The highlight of our visit was a performance of Shakespeare's Twelfth Night on the lawn behind the library. This picture before the seats got filled. A lovely imaginative staging with singin (including 20th Century songs) added before both acts, at the end and during the play.
Now on to Rockport, a mere five miles away.




July 31 -- Clyde Harbor to High/Dix Anchorage, 12 Miles

I sewed up the small tear I ripped in the lower front of the mainsail before we got underway, but I'm thinking of adding an additional reinforement. Another delay for the return of Lene's credit card, which was left at the the Island Inn on Monhegan at lunch, and the loss not discovered until dinner time. They had it and gave it to Captain Nick who brought it to us on his return from the mail run at ten A.M. We did not put up a single sail today: no wind.
Muscle Ridge Shoal is a group of islands and shoals running north and south off the west side of Penobscot Bay's southern part. And since I first read about it I was intrigued by a well rated anchorage formed by several of the Islands, notably High and Dix, from which much of the granite used in some of New York's landmark buildings was quaried during the 19th Century. And this trip we finally had an opportunity to try it out. We came in following the arrow leading from the upper right in this sadly sideways photo. But with southerly winds expected,
(actually there were very little wind from any direction that night) we anchored about 200 yards north of Dix Island, (above the "I" in "DIX", rather than further in, where the anchor is shown on the cruising guide's chartlet.














Dix Island from ILENE:
Eighty feet of snubbed chain in 24 feet of water at high tide held us. Three other boats came in and anchored near where the anchor is shown on the chartlet. Lene had the afternoon with her kitties as I went off in the dink to explore the neighborhood. Here are Little Green, and then High and Birch islands.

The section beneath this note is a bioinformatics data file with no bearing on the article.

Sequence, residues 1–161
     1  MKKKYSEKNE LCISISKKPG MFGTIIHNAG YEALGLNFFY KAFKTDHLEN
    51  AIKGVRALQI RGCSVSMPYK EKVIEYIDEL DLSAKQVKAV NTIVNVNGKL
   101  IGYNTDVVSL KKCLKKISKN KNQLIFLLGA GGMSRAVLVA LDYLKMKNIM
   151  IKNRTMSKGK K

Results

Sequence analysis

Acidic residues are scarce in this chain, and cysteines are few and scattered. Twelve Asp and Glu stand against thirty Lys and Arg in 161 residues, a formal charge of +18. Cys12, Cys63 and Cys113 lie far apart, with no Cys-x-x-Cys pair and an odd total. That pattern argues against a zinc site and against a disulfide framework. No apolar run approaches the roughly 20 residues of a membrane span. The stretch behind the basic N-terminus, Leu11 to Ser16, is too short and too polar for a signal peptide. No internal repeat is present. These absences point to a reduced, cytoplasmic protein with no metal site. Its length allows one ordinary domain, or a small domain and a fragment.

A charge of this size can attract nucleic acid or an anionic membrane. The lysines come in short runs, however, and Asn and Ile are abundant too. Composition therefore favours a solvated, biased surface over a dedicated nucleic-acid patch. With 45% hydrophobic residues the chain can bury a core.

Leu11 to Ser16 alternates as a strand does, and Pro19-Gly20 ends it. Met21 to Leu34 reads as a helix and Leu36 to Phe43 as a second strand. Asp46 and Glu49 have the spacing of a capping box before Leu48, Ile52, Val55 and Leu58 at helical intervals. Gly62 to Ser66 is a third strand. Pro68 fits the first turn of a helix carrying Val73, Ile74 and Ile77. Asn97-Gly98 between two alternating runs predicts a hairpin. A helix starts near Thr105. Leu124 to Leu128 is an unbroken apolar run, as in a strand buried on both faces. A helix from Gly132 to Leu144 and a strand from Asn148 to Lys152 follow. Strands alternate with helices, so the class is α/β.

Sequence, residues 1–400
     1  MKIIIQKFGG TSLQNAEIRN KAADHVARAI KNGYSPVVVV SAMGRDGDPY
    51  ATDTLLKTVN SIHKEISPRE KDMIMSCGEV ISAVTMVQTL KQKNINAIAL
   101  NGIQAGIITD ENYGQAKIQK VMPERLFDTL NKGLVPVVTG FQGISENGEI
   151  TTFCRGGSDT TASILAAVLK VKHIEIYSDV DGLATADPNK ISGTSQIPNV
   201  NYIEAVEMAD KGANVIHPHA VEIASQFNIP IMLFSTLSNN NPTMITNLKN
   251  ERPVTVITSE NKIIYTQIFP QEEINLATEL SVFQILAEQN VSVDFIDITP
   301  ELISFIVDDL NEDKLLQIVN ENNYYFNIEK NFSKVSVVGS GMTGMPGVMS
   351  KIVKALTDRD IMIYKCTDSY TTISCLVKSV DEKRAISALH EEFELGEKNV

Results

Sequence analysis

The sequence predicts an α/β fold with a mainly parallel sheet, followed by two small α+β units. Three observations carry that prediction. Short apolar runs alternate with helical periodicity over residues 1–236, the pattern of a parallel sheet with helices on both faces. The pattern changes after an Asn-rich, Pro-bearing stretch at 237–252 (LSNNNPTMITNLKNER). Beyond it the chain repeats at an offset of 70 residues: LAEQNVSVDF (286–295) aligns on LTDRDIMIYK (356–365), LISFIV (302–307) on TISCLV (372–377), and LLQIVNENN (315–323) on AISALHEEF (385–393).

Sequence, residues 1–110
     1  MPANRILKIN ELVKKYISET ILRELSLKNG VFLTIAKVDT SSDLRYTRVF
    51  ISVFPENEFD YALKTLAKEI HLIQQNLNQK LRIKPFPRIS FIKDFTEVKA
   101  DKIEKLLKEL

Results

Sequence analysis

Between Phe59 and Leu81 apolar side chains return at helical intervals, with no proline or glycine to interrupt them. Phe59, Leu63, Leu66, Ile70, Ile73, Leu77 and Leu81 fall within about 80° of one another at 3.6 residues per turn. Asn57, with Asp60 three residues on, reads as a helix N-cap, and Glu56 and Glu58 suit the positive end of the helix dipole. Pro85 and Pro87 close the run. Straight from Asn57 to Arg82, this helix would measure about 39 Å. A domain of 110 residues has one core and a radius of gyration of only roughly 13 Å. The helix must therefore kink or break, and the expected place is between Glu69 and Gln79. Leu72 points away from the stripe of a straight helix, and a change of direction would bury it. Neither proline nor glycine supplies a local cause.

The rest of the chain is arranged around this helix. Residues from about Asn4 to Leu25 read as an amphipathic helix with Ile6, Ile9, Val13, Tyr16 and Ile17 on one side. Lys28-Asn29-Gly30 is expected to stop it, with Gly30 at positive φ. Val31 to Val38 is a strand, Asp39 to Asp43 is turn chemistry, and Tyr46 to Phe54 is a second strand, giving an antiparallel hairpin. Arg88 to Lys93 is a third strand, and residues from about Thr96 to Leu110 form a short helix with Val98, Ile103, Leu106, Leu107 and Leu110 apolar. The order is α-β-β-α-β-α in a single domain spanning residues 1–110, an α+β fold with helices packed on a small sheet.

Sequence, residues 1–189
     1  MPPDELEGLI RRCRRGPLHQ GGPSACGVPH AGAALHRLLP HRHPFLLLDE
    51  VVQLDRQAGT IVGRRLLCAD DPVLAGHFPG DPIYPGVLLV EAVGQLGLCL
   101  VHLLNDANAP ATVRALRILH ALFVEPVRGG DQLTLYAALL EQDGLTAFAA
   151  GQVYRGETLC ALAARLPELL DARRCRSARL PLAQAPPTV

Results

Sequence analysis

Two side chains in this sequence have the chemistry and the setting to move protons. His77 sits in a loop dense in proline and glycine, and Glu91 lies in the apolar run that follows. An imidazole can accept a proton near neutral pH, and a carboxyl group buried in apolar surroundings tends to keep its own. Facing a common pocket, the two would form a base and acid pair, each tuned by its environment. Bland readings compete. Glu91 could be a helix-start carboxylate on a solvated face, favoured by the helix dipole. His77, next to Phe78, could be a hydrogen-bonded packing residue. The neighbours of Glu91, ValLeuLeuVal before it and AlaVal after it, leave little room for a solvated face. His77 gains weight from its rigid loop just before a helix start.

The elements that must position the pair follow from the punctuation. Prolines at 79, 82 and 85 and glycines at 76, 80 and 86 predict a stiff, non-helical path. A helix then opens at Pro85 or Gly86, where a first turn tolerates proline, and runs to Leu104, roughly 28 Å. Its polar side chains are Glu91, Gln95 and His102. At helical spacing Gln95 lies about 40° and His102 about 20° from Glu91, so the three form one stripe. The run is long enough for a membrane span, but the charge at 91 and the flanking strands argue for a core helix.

I approached a boat that had the shape of a lobster boat but which had been fitted out for family cruising: m/v "Tupelo Rose." It was anchored near High Is. I asked where to land. The man said "We saw you have a nice big orange pussy cat aboard." "Yes, and his sister too", I replied. He pointed out the dinghy dock on High Island and it appeared that his wife and three lovely daughters were interested in cats, having left theirs with friends during their one week cruise from near Portland. I landed and explored the island which is littered with left over pieces from the quarry, LENE, through a gap between the tops of the second and third trees, about 1/3 of the way from the left. though you have to zoom in a lot to bring her into focus. I was the only person on an uninhabited island, though a small army of men were engaged in quarrying there in the past.
and is being "developed" for a few luxury home sites.
I made my way to the top of the quarry, located about where the "G" in HIGH is on the chartlet, and got this photo of  ILENE, in the gap between the tops of the third and fourth trees from the left.
When departing I met the man again and asked, subject to both our wives approval, if he and his family would like to come over later for wine and cheese. Kitties are magnets for teenagers and the whole family came over, though they brought along their own food and drink. Our refreshments served as dinner.








This is a very close knit family and it was a pleasure to share the evening with them. Here, saying goodby from their dink, from left to right, are  Matt and  Jill. then Bella, Rosie and Masie, aged about 12 to 16.



Wednesday, August 1, 2018